U.S. Green Building Council, Among Others, Voices Concerns Over the Study Released Last Week
Real estate and energy efficiency professionals have called into question the credibility of a study released last week
by NAIOP, the Commercial Real Estate Development Association, which challenged the economic feasibility of developing office buildings with progressive energy efficiency goals.
Using energy models, the report found that 30 percent and 50 percent improvements in energy efficiency over code were not financially feasible for most new, Class A office construction. Developers striving for the 30 percent target would not recoup the cost of their initial energy efficiency investments within a 10-year period, while the 50 percent target was far beyond their reach, the study said.
In a statement citing the study, Thomas J. Bisacquino, president of NAIOP, called on policymakers who are considering tougher energy baselines in building codes to “realize the economic consequences that imposing mandated targets will have on the development industry.”
But energy efficiency advocates were quick to dispute the study’s findings, citing flawed assumptions and data that they said is incomplete or absent from the study altogether.
“Designing 30 percent better than code is a pretty darn easy thing to do if you know what you’re doing,” said Peter D’Antonio, president of PCD Engineering Services Inc.
, a Colorado-based firm that designs energy efficient buildings and conducts energy modeling and commissioning. “We know that to build more efficiently, it costs more money up front. But we’ve seen you can absolutely get that money back within 10 years.”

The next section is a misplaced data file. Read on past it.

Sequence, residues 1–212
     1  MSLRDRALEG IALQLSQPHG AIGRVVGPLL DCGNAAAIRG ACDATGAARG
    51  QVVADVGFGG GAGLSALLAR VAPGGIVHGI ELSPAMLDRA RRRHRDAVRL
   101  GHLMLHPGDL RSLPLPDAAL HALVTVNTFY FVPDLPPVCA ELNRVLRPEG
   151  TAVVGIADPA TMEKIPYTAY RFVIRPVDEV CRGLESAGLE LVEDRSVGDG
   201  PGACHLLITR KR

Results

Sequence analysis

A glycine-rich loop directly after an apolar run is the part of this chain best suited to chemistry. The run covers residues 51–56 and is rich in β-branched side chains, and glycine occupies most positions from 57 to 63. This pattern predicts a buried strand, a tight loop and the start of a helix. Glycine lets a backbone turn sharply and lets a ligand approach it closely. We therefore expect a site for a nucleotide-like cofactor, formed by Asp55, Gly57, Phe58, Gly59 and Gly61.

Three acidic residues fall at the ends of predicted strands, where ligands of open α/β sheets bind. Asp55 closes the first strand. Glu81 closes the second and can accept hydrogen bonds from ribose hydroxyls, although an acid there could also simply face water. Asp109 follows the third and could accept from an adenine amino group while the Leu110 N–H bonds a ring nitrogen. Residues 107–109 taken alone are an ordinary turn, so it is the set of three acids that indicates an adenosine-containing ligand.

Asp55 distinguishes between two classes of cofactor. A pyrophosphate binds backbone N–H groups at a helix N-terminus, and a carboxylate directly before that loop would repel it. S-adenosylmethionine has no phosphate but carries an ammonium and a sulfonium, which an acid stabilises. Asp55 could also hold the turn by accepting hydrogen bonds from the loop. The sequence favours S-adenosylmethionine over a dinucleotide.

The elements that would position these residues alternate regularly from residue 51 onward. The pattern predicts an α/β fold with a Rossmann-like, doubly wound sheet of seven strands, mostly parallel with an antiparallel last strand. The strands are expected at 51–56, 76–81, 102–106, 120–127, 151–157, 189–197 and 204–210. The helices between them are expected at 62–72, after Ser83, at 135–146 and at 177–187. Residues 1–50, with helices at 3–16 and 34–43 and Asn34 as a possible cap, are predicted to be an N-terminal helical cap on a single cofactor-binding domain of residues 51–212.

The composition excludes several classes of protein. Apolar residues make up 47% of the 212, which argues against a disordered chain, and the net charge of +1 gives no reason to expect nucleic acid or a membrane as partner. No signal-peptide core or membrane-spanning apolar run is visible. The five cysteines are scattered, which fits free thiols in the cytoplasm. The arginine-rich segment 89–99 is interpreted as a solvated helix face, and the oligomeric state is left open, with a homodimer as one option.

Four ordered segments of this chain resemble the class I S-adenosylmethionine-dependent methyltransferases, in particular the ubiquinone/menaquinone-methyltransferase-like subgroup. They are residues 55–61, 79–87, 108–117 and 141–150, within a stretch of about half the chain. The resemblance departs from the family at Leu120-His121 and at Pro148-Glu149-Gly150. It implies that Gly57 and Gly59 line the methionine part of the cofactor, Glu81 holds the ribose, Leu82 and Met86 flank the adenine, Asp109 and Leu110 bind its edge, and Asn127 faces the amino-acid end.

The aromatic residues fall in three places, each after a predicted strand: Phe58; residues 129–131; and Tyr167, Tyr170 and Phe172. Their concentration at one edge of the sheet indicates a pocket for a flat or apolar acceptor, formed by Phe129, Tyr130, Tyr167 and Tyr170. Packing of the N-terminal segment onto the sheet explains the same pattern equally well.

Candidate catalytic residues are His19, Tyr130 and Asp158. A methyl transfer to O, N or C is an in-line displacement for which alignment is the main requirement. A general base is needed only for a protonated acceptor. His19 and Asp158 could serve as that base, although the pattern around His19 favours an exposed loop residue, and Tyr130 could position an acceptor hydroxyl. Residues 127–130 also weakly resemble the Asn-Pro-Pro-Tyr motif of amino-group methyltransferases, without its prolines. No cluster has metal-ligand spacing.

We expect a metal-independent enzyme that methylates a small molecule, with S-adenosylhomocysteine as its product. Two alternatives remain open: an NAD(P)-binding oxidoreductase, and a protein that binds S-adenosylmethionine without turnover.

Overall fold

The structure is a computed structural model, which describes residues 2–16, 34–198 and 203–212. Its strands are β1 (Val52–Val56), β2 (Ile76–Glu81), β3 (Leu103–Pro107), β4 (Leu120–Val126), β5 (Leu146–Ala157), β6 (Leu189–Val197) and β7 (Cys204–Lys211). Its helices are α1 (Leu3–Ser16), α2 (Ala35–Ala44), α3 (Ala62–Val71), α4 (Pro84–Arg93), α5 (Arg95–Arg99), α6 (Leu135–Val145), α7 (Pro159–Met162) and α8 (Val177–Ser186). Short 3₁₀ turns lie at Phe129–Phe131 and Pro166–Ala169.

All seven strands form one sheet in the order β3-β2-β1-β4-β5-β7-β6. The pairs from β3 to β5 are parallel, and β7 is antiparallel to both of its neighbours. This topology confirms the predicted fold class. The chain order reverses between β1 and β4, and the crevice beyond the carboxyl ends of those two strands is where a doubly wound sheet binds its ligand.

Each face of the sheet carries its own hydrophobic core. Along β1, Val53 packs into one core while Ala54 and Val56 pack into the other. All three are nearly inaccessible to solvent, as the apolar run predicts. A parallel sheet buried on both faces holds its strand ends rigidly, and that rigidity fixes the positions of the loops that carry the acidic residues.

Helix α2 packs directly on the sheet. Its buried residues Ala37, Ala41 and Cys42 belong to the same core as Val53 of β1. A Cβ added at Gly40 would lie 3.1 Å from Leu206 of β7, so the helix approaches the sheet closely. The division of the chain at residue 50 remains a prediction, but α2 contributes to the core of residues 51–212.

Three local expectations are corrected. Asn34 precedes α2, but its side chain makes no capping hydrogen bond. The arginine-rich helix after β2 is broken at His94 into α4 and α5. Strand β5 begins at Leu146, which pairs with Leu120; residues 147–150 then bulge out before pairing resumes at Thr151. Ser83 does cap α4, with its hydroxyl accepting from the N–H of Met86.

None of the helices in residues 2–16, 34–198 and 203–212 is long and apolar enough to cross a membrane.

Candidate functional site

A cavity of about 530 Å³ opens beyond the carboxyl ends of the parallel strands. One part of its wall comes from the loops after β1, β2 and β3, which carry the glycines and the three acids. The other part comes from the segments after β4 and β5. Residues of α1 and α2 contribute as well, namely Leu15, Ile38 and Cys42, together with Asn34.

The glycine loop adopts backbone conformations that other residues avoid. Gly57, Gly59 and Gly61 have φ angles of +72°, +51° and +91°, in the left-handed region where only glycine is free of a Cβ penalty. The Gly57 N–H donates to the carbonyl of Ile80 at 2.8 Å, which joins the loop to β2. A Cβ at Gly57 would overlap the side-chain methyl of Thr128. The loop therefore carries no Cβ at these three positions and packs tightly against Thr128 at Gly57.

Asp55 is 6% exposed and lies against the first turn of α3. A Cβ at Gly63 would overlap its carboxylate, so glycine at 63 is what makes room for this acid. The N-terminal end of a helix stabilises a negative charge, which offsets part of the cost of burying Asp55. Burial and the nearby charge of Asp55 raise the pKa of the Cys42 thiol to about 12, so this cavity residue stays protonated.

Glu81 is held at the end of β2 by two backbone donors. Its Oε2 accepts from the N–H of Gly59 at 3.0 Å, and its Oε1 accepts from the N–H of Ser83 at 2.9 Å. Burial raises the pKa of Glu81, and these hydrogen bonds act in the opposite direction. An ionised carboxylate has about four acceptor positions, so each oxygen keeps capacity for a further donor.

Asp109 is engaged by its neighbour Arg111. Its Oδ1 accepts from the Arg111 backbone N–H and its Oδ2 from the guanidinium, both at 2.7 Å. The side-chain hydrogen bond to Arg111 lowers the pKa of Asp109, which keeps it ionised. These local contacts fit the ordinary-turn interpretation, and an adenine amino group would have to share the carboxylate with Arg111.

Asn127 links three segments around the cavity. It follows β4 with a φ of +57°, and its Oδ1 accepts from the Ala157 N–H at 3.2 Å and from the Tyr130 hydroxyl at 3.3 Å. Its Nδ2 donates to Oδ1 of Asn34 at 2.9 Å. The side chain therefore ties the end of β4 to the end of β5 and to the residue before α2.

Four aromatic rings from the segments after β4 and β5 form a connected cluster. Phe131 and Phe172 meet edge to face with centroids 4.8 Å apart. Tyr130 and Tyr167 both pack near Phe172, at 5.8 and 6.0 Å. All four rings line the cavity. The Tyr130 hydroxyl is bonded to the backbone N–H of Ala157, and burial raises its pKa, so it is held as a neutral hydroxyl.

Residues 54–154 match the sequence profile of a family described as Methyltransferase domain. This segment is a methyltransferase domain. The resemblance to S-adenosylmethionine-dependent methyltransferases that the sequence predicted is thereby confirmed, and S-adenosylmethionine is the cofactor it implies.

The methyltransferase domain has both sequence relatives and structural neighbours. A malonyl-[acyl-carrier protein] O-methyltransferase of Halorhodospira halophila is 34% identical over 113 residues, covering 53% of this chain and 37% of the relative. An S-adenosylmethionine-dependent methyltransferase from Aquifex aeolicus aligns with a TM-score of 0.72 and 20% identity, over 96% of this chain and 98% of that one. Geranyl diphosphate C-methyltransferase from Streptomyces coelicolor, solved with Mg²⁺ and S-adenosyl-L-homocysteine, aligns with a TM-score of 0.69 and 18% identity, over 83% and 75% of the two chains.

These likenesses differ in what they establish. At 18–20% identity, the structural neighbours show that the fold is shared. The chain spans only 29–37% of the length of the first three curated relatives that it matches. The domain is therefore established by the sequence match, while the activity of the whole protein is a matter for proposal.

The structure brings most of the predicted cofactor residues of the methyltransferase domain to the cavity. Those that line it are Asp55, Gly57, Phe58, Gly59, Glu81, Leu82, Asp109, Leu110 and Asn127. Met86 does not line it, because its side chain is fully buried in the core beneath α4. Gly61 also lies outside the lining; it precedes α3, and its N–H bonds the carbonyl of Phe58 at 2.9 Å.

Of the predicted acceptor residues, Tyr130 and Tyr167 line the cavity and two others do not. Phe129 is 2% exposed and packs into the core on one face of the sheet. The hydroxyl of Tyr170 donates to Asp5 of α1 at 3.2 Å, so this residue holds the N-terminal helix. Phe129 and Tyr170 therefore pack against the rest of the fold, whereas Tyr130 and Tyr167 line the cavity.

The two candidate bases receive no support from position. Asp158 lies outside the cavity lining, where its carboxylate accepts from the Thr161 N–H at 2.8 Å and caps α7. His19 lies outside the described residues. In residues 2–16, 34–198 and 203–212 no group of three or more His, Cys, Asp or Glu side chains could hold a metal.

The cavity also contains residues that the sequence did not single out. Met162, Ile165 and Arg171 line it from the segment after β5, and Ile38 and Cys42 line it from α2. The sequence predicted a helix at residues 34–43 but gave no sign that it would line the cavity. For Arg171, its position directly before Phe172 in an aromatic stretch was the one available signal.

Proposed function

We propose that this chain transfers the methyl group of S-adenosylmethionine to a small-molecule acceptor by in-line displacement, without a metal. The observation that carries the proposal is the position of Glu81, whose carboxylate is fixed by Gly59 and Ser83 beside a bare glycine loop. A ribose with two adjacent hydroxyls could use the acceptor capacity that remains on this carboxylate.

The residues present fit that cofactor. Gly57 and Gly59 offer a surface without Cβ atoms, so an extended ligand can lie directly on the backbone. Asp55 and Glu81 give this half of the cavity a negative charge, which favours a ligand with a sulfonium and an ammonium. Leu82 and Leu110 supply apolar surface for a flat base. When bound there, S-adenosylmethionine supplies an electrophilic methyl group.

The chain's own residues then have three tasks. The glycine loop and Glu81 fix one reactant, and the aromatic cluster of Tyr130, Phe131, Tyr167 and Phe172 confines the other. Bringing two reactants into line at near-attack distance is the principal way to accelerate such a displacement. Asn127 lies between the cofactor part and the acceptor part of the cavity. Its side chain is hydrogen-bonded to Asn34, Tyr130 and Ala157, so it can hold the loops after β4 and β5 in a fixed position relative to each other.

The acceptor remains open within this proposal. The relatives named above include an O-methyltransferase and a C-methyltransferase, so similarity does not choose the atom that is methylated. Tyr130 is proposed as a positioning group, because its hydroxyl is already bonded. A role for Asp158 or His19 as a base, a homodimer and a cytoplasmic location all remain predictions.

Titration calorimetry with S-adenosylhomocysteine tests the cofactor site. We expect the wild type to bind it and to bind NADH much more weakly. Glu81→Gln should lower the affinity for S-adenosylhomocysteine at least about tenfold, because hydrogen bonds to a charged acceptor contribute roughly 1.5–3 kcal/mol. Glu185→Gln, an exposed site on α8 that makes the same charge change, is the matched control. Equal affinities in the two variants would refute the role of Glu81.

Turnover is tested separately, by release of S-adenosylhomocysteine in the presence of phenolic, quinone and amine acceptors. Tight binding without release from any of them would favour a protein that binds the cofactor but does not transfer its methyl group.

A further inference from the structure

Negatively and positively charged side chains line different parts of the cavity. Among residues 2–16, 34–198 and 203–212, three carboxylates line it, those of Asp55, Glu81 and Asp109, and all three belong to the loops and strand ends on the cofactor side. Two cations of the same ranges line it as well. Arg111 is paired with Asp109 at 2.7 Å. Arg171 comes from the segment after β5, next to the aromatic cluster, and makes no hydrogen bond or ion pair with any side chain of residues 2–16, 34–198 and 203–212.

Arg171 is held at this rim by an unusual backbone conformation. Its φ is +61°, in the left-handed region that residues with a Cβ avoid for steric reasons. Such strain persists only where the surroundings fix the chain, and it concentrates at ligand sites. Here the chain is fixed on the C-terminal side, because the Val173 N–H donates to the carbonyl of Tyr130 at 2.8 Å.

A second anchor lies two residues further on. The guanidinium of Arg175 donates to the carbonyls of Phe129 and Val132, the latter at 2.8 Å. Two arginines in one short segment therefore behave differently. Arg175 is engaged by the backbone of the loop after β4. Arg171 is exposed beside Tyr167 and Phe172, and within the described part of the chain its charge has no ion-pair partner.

In a statement, the U.S. Green Building Council
distanced itself from the NAIOP study, calling LEED-certified buildings “proof-positive that you can achieve 30% and greater energy efficiency using integrated design with little or no additional first costs.”
And in a biting memo posted Monday
on the web site of Architecture 2030, a green building advocacy organization, the group’s founder, Edward Mazria, cast the NAIOP study as a “disinformation campaign” that was meant to “stall, confuse and distort” energy efficiency facts in advance of Senate hearings on improving building code standards.
“This type of activity by NAIOP not only hurts our country, it is also a disservice to their membership and all those in the Building Sector who work hard to deliver a high-quality, energy-efficient building product,” Mazria said.
The study examined common energy efficiency measures such as better insulation and high-performance HVAC equipment and window assemblies in a prototype Class A, low-rise office building of 95,000 square feet, which NAIOP said is representative of about 50 percent of total new Class A commercial construction. The building prototype was simulated for performance and energy cost differences in three U.S. climate zones, represented by Baltimore, Chicago and Newport Beach, CA.
The measures were modeled by ConSol
, a California-based energy modeling firm, for their energy-saving potential over the ASHRAE 90.1-2004 building code standard. None of the models in the NAIOP study returned a 30 percent energy reduction within a 10-year payback period. In simulations, the Chicago model performed the best, achieving 23 percent energy savings with a payback period of about nine years. The Baltimore model achieved 21.5 percent savings with an 11-year payback period, while the Newport Beach model reached energy savings of about 16 percent with a payback period of more than 12 years.